Eastern Cliff Racer
The next snake on the list is the rather elusive Eastern cliff racer (Platyceps ladacensis). This long, slender snake, with a maximum length of three and a half feet, has dark bands across the body and a white underside. Generally active during the day time, it is found near rocky areas, cliffs, and sometimes in human-dominated areas. Two juveniles of the mildly venomous snake were recently rescued by our team from residences in the Rainawari locality of Srinagar, the capital city of Jammu and Kashmir. The snakes were carefully extricated and released back into their natural habitat after a thorough medical examination.
A few years ago, an Eastern Cliff racer snake was rescued by our team from the garden of a resident in Jammu and Kashmir. Anxious residents were taken aback and had begun evacuating their homes. Our rescuers rushed to the spot and extricated the snake after a two-hour-long search! The reptile was then taken to the nearby forest, where it was carefully released.
- Buff-striped keelback
Buff-striped keelback (Amphiesma stolata) is a non-venomous, mid-sized reptile growing up to the length of two feet. With body colour ranging from olive-brown to grey, the snake has two distinct yellow stripes along its length. It is a widely distributed snake across Asia and Southeast Asia.
In several incidents, the Wildlife SOS Rapid Response Unit has rescued Buff-striped keelback snakes from human-dominated landscapes. A few months ago, staff at a school in Vadodara, Gujarat was left bewildered when they found a total of eight Buff-striped keelback snakes on the premises. Concerned for the safety of the students, the authorities immediately informed our helpline, operating in collaboration with the GSPCA. The snakes were found coiled up inside a water storage tank, and by exercising extreme caution, the team safely extricated the snakes. Although rarely sighted in Delhi, in May 2022, our team rescued another Buff-striped keelback from a residential society.
- Green keelback
Green keelback (Rhabdophis plumbicolor) is a non-venomous reptile inhabiting the lands of the Indian subcontinent. This medium-sized snake averages two feet in length and has a green or yellowish-green body covered with highly keeled scales, and a distinct ‘V’- shaped marking is present on its neck. While juveniles are identified by being brightly coloured with bands, adults have lighter or no markings on their bodies.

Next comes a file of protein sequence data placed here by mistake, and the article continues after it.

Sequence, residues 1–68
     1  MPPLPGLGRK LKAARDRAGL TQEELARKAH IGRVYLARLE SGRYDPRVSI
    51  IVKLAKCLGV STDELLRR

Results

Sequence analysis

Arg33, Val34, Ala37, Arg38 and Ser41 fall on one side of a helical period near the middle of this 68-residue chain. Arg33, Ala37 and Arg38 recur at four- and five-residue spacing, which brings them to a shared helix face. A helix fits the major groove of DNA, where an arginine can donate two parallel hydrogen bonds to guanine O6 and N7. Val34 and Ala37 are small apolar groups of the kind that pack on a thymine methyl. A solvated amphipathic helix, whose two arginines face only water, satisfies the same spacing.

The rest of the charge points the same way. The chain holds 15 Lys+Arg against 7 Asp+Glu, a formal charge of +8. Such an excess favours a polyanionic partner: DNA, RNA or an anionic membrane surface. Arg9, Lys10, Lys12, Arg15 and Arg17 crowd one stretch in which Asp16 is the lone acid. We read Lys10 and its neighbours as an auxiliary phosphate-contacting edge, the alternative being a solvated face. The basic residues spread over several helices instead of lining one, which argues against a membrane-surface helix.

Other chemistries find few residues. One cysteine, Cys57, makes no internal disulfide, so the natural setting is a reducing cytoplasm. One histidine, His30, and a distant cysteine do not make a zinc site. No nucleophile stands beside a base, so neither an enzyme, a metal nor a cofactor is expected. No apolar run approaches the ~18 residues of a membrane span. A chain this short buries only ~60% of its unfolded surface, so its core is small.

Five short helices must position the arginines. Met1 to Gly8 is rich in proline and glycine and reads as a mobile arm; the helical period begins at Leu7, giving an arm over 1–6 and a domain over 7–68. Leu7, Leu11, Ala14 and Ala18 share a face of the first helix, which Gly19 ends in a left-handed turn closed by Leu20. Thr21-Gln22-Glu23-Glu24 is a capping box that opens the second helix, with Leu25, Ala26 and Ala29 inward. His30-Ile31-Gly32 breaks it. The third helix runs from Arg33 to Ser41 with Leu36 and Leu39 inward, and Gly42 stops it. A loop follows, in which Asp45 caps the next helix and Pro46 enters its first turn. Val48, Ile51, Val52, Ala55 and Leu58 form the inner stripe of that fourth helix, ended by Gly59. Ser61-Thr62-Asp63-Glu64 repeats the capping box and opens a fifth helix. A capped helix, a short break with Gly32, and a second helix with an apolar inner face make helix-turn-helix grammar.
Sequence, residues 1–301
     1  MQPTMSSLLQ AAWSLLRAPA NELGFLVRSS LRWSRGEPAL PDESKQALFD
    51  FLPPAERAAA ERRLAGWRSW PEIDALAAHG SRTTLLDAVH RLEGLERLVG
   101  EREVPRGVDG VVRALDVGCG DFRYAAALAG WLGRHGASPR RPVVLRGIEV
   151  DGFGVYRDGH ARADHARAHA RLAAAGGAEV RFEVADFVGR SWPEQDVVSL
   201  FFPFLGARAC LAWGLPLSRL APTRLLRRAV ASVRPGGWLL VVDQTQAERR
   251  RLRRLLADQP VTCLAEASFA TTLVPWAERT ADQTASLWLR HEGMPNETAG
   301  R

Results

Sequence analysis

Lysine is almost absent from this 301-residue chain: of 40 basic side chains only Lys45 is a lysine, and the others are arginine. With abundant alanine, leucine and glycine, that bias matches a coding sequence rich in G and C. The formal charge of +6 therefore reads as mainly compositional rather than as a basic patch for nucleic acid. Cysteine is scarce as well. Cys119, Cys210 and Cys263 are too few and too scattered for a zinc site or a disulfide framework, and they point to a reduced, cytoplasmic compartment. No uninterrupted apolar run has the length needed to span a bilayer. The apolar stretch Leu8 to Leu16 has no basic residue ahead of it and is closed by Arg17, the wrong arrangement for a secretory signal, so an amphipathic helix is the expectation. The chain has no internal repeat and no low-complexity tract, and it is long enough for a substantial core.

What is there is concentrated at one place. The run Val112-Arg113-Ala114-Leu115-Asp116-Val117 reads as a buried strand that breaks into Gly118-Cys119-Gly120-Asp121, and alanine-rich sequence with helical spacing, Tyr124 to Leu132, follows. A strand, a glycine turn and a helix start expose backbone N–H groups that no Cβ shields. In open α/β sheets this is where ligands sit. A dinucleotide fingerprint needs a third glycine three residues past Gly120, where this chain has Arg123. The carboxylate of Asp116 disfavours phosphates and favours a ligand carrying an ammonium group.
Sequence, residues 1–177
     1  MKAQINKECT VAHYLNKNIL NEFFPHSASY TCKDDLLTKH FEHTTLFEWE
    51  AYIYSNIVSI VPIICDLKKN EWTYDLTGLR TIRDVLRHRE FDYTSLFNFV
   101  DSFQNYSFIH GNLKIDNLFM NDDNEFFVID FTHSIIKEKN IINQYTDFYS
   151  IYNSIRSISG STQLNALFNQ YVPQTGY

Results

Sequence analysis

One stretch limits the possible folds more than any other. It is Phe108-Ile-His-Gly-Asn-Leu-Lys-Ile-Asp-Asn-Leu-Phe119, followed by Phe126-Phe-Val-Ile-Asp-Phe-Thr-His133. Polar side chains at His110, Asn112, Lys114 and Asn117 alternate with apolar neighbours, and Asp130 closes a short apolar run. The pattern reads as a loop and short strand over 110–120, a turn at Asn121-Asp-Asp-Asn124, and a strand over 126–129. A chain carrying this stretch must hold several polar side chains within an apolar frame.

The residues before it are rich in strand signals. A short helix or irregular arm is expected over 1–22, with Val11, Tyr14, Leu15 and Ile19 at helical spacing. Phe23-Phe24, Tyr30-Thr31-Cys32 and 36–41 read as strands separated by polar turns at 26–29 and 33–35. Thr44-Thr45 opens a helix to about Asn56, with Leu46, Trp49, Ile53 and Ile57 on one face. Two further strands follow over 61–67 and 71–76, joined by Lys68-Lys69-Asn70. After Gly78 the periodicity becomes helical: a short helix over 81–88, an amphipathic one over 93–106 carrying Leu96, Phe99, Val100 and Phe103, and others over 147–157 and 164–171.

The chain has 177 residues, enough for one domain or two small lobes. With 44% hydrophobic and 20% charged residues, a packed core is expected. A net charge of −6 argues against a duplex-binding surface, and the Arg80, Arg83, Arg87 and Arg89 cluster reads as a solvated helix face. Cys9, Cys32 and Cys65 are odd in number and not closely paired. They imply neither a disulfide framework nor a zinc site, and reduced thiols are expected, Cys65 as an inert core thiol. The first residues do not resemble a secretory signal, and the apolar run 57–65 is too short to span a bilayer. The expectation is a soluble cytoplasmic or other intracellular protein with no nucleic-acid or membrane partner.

A few years back, our team successfully rescued a Green keelback which was taking shelter between the crannies of a boundary wall at a house in Agra. Equipped with rescue gear, our team carefully extricated the snake — ensuring it suffers no injuries. After the rescue, the keelback was kept under medical observation and was released back into its natural habitat once deemed fit by our veterinarians.
Streaked Kukri Snake
Also known as Russell’s kukri snake (Oligodon taeniolata), this species is a non-venomous colubrid found in parts of the Indian peninsular region. While the reptile is brownish in colour, it has a pattern of black streaks from head to tail. It gets its name from the shape of its curved teeth which resemble a ‘kukri’ (or knife) that helps it to slit open reptile eggs it feeds on.
Over the years, Wildlife SOS has rescued several kukri snakes from urban spaces. Two years ago, our Rapid Response team rescued a Streaked kukri from a house in Delhi NCR. The snake was kept under medical observation and was released back into the wild once deemed fit. In August this year, our Uttar Pradesh team also rescued a Banded kukri snake.
Working round-the-clock, our team responds to multiple reptile rescue calls every day and also organises several awareness programmes and workshops to impart knowledge and sensitise people. With requisite equipment and protective gear, the Wildlife SOS Rapid Rescue team employs extreme stealth and caution while extricating these animals. Rescued reptiles are kept under medical observation and released back into their natural habitat once they are deemed fit by our veterinary team.
Our units are established in the following regions and can be reached out for assistance on the following helpline numbers:
Delhi NCR – +91 9871963535
Agra and Mathura, Uttar Pradesh – +91 9917109666
Vadodara, Gujarat – +91 9825011117
Jammu & Kashmir – +91 7006692300, +91 9419778280